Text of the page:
Nik Molley 1 21 15

Host: Matt Barnewall

Nicholas Molley is an IBM-certified Senior Consultant and Information Architect in the Software Group (SWG) Health Care practice. The practice is responsible for providing enterprise information management solutions to academic medical research centers (AMRC), research and teaching hospitals, and private corporations involved with health care information systems. He has more than twenty years of experience in strategic and technical consulting. Prior to joining IBM, Nicholas was a Practice Director at Price-Waterhouse-Coopers (PwC).

Nicholas holds an MBA in Systems Management (Baldwin-Wallace Univ.) and has completed advanced studies in Management Information Decision Systems (Case-Western Reserve Univ.). He is a member of the Adjunct Faculty at two colleges where he teaches both graduate and undergraduate courses for the departments of Mathematics/Computer Science and Business Administration. He is also a faculty member for the Cleveland Clinic’s Samson Global Leadership Academy. The Academy delivers executive education by pairing Cleveland Clinic physicians with health care thought leaders from academia.

Nik Molley will be talking on the following subjects
1. Big Data and Analytics in Healthcare
2. Concept of a Reference Architecture
3. Healthcare Reference Architecture
4. Delivery Methodology

NOTE: Nik Molley will be demonstrating a new Watson-based tool for us on Friday. He told me today that if we bring in an Excel file of data, he will use it to demonstrate the tool. If you have a data set that we could use, please make the class aware of it.

Presentation: Big Data and Analytics Reference Architecture: Healthcare Industry

Architecture: Overarching framework for an organization to build on

  • Customers look for architecture not a solution

Analytics: The processes and procedures performed on big data to gain insight

  • Goals: lower cost, improve outcomes

How do you build an architecture?
Client Time Varies: 3-12weeks

  1. Understand Client-Business Drivers: What do you need? Consumer demands
    • example business driver: provide increased access to healthcare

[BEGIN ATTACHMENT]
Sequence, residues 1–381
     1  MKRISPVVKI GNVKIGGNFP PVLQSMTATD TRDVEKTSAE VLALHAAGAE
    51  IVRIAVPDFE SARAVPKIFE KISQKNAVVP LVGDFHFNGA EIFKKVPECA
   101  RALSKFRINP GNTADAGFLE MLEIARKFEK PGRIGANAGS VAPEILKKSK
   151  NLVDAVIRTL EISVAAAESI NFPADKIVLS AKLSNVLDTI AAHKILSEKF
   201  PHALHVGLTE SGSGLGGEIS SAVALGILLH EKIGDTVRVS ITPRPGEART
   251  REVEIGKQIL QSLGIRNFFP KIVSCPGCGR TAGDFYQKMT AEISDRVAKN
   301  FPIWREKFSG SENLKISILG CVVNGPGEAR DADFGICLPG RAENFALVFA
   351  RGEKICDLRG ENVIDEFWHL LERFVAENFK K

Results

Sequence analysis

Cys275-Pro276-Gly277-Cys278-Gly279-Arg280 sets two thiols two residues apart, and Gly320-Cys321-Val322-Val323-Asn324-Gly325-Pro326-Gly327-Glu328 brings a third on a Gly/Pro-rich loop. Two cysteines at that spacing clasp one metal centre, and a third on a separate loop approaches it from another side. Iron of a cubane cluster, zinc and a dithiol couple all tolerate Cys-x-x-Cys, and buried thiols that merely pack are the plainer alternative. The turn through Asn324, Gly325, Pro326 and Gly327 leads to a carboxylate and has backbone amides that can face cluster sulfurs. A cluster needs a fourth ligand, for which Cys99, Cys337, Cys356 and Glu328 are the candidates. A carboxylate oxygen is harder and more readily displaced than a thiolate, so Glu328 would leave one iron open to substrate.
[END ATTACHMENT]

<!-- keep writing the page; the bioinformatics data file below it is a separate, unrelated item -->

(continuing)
2. Define Client Requirements
    • User Cases
    • Functional Requirements: Things the architecture must do
    • Non-Functional Requirements: Things the architecture does not have to do but worry about, ie, security and performance
  3. Design Solution
    • System context
    • Architecture overview
    • Technology Brief
  4. Detail Design to Define BOM
    • Architecture Decisions
    • Operational Model
  5. Best Practices Dev OPs
    • Best Practices: reuse components of design process
    • Dev Ops

Data Scientist: sift through all incoming data with the goal of discovering a previously hidden insight, which in turn can provide a competitive advantage or address a pressing business problem

Architecture Overview: Data and Analytics
Transaction data: data collected while doing business (operational data)
Data warehouse: Database that has data that can be strategic (aggregate data)

  • Software and procedures to discover hidden insignt

Dimensional: Same as warehouse except different audience (less CS background)
Analytic: Done by data scientist, find insight on lots of data with tools

Put the data where
Big data repository: dumping ground for data (data warehouse)
Data marts: subsets of warehouses
Actionable insight: User community
Common Processes

  • Governance: be able to manage everything in repository
  • Security: who has acess
  • Platforms: hardware

Streaming Computing: data in real time to discover (SPL: Stream programming language)

  • Data Baby: monitor baby vital signs to predict infection 48 hours in advance
  • Smarter Cities: Cars talk to other cars, real time data to change (lights, gps, ect.)

Key Decision Areas

  • Performance
  • Sacalability: getting larger, law of large numbers
  • Financial decision
  • Reliability
  • Backup and Restore: Files backed up in case of deletion
  • Sensitive data: who has access and what can they do
  • Disaster Recovery: Systems mirror each other to keep from whole business going down

Implementation Best Practices: Different from each organization
Deployment Best Practices

Data Reservoir Logical Architecture
"Data's the new oil"
Wearable data
Unstructured data

Data Self Service: keep IT out of getting data (big deal)

  • anybody can do anything (problem)
  • anybody has access (good thing)


You get exposure to building architecture at first but are not hired into it as that position?

  • Entry level: shadowing position for first few years (shadows and mentor)
    • Only there to observe and learn process
    • Get insight into the industry. What is important?
    • Learn how to do architecture

The medical company had a past architecture?

  • Documentation is a big deal
  • No they didn't, basic systems created and evolved over time
    • This is not a good practice
    • Architecture is designed for the long term

Associate consultant: resume builder

  • no acutal projects to deliver on at first
  • Never by yourself- always a team engagement student-entry level jobs

Follow Up Questions

1.) In the step of the TeamSD methodology titled "Detail Design to Define BOM," what is BOM?
BOM = bill of materials - basically, this is a specification of components needed to build something, whether is a house or a car or a piece of software.

2.) When did Watson become finished and start being used by businesses?
Also, Watson technology is continually evolving so it's really not in a "finished" status. For example, subsequent releases of Watson will include sensory capabilities. That said, there is sufficient capability already built that can be used by businesses. Most industry-specific application of Watson started in 2013.